Book central accommodation
Although it’s never been an issue for me, one of the key sources of friction when travelling with parents seems to be this: one person is ready for a lie down, and another wants to be out exploring. The easiest way to deal with this is to book centrally located accommodation. Then, if someone does want to go and rest for awhile, others can stay out and maximize their sightseeing time. It’s very simple, but can save a whole lot of stress!
Your guest is not a walking ATM
I’ve been lucky that my mum has helped me out when I have travelled with her. She has helped to pay for food, accommodation and/or attractions. But, I have also paid at least some of my way – commensurate to what I was earning at the time. I am also mindful when she offers to pay for things. Your parents, or parent, are not there to pay for your holiday. You are accompanying them. You aren’t a child. If they are kind enough to pay for some of the trip, don’t be that person that orders a $40 glass of Champagne and a $100 lobster. Be respectful.
Ask what they would like to get out of it
As I’ve said, my mum is a great travelling companion. She is usually so excited to see a new destination, she will tag along to wherever I want to go. Whether it is visiting a grim German concentration camp, the city of Amman, the beaches of Anse Vata, Versailles Palace or going to a musical in New York City, she’s keen to go. However, not all parents are quite like this. Find out what is it they would like to do, and try to do things you are both interested in. This doesn’t mean you have to spend your whole time doing only what they prefer. Try and get a balance of activities in there. I don’t agree with it when people go on a holiday with their parents, doing everything they want to do, and knowing that they will hate it because there is nothing interesting in it for them. Again, a little compromise will go a long way!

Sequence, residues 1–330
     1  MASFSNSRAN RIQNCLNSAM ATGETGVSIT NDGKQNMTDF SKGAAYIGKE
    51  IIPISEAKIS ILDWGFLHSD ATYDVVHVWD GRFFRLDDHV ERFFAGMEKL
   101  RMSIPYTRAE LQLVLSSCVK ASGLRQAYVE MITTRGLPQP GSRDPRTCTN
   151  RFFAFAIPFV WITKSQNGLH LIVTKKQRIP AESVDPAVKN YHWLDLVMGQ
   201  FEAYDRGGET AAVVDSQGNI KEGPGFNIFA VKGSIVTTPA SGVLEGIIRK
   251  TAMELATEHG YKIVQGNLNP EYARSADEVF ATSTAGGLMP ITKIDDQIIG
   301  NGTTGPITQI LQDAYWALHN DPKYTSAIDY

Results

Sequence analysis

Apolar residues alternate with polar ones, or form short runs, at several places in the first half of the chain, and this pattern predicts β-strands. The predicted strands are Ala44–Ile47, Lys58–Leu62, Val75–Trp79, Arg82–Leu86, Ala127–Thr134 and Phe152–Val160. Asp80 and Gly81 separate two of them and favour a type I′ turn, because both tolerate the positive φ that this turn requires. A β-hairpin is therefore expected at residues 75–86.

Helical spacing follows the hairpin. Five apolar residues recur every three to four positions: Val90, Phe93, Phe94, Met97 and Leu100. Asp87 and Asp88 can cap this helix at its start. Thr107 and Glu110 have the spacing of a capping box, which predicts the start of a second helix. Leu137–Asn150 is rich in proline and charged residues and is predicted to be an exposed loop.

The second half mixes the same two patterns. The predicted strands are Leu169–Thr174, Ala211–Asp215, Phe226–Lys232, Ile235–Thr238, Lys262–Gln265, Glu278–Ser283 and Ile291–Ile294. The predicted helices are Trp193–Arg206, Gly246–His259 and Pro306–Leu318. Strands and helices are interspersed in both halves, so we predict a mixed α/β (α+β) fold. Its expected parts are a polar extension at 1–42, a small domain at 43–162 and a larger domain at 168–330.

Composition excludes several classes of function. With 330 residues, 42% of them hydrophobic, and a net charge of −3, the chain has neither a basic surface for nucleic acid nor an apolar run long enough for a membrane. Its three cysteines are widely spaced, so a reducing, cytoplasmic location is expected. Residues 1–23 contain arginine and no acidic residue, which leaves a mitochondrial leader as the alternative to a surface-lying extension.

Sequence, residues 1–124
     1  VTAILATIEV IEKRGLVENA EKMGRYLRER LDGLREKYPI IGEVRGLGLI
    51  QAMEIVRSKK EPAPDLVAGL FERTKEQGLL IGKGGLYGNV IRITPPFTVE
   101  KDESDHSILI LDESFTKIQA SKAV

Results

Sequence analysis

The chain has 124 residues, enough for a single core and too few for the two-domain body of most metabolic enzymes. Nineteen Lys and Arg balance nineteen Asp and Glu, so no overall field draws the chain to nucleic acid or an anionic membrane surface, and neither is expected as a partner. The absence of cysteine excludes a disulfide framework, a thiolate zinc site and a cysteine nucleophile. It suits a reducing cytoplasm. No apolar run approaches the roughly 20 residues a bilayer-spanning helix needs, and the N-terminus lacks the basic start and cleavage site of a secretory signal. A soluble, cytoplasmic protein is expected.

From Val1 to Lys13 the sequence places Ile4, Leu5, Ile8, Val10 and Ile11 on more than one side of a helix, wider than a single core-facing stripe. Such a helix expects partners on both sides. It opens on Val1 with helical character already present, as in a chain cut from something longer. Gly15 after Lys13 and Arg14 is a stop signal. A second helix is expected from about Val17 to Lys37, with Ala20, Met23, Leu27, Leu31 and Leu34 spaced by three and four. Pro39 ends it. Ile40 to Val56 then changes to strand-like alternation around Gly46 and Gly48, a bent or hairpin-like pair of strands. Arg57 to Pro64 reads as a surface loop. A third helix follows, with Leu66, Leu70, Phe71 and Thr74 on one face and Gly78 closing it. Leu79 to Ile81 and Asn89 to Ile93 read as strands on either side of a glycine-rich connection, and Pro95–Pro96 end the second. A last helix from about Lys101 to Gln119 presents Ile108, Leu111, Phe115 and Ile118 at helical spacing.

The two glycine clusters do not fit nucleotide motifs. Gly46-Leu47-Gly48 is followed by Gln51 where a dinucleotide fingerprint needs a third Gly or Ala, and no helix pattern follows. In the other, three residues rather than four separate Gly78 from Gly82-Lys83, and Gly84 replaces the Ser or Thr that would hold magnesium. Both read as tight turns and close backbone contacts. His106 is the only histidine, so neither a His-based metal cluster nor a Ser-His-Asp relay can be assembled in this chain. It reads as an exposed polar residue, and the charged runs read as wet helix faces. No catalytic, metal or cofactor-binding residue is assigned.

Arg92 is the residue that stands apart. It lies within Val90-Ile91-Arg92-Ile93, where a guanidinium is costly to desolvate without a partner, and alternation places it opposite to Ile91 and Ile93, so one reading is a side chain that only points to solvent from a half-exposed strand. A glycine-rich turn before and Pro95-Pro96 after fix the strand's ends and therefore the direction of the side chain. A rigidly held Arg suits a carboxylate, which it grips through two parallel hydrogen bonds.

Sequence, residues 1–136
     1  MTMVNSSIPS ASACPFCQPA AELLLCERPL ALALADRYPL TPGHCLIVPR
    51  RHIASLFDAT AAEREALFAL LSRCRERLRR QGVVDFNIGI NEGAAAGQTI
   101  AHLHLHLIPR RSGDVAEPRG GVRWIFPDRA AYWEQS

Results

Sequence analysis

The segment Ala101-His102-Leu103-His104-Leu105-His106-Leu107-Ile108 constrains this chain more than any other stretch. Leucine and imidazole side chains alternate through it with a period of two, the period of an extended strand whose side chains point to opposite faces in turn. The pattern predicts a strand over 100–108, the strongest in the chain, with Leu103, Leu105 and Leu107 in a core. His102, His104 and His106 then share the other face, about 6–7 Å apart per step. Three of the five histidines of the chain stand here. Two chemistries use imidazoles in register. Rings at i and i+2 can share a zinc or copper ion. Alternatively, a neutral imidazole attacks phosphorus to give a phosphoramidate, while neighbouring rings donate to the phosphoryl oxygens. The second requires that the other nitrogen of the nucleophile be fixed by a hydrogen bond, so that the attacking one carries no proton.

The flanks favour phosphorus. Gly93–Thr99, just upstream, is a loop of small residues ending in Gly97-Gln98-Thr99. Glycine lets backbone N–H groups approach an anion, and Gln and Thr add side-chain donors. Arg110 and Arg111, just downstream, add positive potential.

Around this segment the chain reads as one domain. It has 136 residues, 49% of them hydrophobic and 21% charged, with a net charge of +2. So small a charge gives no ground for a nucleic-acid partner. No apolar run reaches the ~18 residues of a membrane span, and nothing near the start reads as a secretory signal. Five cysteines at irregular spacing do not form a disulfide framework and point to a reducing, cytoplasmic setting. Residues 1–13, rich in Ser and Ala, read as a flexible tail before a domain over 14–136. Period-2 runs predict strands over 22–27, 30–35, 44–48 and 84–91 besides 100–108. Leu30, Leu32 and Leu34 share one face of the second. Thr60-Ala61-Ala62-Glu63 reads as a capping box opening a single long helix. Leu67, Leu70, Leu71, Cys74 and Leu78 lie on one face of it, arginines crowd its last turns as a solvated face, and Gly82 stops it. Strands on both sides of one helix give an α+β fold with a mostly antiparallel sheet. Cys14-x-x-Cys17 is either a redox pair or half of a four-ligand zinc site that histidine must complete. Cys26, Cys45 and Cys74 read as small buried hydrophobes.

Sometimes tempers fray – and that’s okay
Travelling can be stressful, despite our best efforts. My mum has always been good when drama strikes, like that time we discovered our airline booking had disappeared from the system during a blizzard in Zurich. Fun stuff. Not everyone is like this. I’m a bit of a stress pot when things go wrong travelling, as Matt can attest to. Just remember – spending time together travelling is a unique and special situation. It also puts you in closer proximity that you would otherwise expect, and this can lead to some friction. Even when Matt and I travel, we often take an hour or two in the afternoon or evenings to chill out, read a book and get some quiet time. It’s not a bad idea when travelling with anyone. If things do get a little heated, try to step back from the situation. Remember, tomorrow is always another day. One day, you will look back and laugh at all the silly little arguments, but the wonderful memories of your trip will last a lifetime.